A hot topic among the course membership is the fact that we are required to leave any trees that we cut down in the bush. Most people see this as wasteful. These newts are exactly the reason why we are required to do this. Many salamander species live in old rotten logs and if we continually clean the forest around the golf course we essentially remove salamander habitat.

In the end the fact that I am seeing more and more sensitive species on the golf course only confirms that the decisions I have made over that past few years have been for the better. With all of the negative press about pesticide use lately it is hard not to feel that as a golf course superintendent that I am destroying the environment. Well you know what naysayers!? I am not and I have proof!

Thursday, 8 November 2012

Fall Disease Update--

The leaves are on the ground now so I guess it's safe to say fall has finally arrived. We saw a very extended summer that lasted well into October. The extreme dry conditions we faced in September were very interesting to say the least. I learned a great deal about both Fusarium and Dollar Spot and the conditions that favour these fungal organisms.

Early September saw the overnight temperatures finally start to drop down to reasonable levels. My original Fall disease management plan was put in jeopardy in early September due to a sprayer breakdown. I'm not sure if it was a coincidence or what but about a week after stopping my disease management program Fusarium started to show up on a few of my greens. It was in the usual spots at first but quickly spread out on all but 5 of our 12 greens. The greens where it wasn't located were the greens that received the most sun which wasn't surprising. The first signs of the fusarium showed up on the 5th of September but I was able to hold off a Fungicide spray until the 25th as the fusarium was very slow growing and not very aggressive. For the most part the turf was still able to outgrow the disease on my putting greens.

It's important to note that in my writing I am not considering Civitas as a fungicide even though it is registered as one. It doesn't act directly on the fungus but stimulates the plant's natural defence systems. I still apply it according to label rates and all that but the more I use the product the more I am starting to realize all the benefits it has to offer. I was putting Civitas down weekly at 1/4 label rates or about 0.125 ml Civitas/100m2.

Knock-out Trial
So on the 25th I applied Triton, a group 3 DMI to the affected greens at the label rate. In the past I had very poor success with this product and the product that I had in stock was leftover from a previous application the year before that had almost no impact at all on the Fusarium. What was interesting was that this product coupled with Civitas produced amazing results. A day after application there was no sign of mycelium where the day before the greens were fuzzy white! I was seeing curative results from a product that in the past I hadn't seen any results at all from. Of course there are other factors such as the weather, and the raise in HOC the week before but overall I was amazed.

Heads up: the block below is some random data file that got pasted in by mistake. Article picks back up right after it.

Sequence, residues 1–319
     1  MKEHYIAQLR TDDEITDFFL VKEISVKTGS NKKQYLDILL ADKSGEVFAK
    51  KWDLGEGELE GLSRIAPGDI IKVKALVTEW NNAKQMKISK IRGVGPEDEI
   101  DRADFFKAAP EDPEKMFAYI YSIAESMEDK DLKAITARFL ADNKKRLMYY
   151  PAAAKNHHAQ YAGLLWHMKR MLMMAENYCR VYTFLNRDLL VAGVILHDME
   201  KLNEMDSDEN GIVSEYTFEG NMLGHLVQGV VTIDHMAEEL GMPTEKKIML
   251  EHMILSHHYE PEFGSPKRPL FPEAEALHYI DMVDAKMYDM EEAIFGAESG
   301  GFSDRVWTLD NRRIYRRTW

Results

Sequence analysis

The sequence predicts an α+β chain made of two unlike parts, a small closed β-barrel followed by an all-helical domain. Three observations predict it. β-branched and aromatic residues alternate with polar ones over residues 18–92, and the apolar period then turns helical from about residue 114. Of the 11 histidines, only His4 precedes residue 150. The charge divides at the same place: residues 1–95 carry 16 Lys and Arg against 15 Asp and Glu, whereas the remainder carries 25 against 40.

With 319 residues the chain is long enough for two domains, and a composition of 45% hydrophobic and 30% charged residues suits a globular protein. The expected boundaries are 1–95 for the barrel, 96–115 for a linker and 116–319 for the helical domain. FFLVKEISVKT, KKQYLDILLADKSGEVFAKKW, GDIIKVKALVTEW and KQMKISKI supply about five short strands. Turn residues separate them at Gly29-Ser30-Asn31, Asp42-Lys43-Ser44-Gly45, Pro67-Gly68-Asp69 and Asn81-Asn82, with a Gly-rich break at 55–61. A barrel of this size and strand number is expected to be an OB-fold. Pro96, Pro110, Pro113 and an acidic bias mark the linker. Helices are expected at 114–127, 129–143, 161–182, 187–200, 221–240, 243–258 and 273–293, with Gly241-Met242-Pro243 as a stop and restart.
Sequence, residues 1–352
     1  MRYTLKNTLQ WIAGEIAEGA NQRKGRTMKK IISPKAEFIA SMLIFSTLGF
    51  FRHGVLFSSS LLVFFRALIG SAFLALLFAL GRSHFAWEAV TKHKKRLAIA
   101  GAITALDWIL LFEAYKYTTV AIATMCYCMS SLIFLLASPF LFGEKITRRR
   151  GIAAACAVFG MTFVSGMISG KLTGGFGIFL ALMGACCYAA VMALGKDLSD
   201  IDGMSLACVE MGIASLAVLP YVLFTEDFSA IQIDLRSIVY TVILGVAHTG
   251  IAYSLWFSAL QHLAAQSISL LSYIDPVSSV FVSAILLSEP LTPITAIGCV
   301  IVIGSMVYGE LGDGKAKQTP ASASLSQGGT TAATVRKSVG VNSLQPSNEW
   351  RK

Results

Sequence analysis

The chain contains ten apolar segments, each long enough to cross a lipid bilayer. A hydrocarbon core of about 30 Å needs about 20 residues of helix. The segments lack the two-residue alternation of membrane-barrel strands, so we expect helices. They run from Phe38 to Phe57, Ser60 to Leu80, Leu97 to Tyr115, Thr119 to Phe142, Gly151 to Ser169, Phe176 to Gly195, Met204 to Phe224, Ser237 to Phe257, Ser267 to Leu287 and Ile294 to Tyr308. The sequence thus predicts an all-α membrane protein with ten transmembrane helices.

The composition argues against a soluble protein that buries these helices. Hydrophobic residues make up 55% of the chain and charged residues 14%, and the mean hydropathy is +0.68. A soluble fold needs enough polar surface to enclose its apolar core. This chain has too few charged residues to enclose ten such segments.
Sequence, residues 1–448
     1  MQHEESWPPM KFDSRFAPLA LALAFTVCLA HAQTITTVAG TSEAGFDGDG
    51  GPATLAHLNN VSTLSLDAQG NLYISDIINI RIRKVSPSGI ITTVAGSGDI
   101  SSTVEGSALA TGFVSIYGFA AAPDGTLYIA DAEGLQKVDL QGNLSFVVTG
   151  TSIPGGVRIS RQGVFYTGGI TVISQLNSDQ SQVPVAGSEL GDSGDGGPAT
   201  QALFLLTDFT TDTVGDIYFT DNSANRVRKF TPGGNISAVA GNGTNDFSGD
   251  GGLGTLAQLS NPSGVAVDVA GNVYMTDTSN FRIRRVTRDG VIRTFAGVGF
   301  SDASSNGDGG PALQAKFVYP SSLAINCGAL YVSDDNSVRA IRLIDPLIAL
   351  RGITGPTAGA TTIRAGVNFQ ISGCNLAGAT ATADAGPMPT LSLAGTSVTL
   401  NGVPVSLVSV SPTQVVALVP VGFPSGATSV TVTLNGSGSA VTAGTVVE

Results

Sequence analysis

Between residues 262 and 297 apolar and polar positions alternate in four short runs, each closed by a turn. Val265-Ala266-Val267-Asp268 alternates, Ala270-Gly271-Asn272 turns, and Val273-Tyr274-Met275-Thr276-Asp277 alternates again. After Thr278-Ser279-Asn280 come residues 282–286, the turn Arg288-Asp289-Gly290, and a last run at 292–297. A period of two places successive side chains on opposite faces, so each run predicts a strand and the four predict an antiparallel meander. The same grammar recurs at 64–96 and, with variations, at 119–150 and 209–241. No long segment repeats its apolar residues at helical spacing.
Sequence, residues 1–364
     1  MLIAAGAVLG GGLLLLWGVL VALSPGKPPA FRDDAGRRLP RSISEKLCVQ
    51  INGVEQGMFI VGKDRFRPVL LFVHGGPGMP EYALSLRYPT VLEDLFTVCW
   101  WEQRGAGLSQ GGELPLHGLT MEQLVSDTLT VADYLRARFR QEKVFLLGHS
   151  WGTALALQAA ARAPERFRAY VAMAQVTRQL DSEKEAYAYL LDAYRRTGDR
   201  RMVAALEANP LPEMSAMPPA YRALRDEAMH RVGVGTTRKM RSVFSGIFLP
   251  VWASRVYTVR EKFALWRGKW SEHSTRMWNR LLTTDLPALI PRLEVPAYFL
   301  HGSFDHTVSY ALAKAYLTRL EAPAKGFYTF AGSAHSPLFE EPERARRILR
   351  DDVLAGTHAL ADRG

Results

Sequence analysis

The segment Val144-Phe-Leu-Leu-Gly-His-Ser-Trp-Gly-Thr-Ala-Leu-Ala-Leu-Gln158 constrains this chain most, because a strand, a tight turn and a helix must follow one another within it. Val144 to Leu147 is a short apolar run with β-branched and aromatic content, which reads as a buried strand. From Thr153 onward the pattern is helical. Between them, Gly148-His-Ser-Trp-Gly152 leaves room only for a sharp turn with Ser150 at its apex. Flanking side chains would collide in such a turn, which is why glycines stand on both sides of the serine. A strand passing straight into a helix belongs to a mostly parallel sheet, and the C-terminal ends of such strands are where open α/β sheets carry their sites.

I put down some knock out trials as usual to see how the untreated areas would manage. So far every untreated plot has fully recovered from any damage that might have occurred  All in all there was virtually no damage on any of the plots. You might ask why I applied the Triton in the first place then? Well when you see disease like the following picture on the entire green you cannot afford for it to get any more aggressive.

Today it has been 44 days since the Triton application and the disease level is still very low. Since that time I have put out 3 applications of Civitas.

Sept 30 Civitas @ .125ml/100m2
Oct 10 Civitas @ .250ml/100m2
Nov 5 Civitas @ .125ml/100m2

I have been experimenting with the timing of the Civitas applications a bit. I am applying it more on a growth potential model and less on a period of time model. Knowing exactly what kind of growth rates and vigour I can expect from the turf allows me to make better decisions about application rates and timing. In mid Oct we were experiencing very dry, and cool temperatures which brought the growth rates down significantly. For this reason I applied a heavier rate of Civitas but stretched the next application out as the turf really wasn't growing and I wasn't removing any of the product through mowing. In Oct I cut the greens 6 times where in the first week of Nov I have already had to cut the greens 4 times due to the warmer wetter conditions. The lighter application in early Nov was due to the fact that I am again mowing like a mad man and would more than likely have to apply another application in a few weeks.
Fuzzy white mycelium in Sept, my worst nightmare!

Rolling! Well my great intentions of rolling all through the winter stopped on Oct 12 due to the intense deluge of rain! Since that time the conditions have just been too wet to roll especially on some of our hillier holes. It was so wet in places that even my 4wd mowers couldn't mow. Now that the precipitation has slowed down a bit I will resume rolling regularly as conditions permit. So far this fall I haven't seen any significant difference in disease pressure on my trial green but for the most part disease pressure has been very low.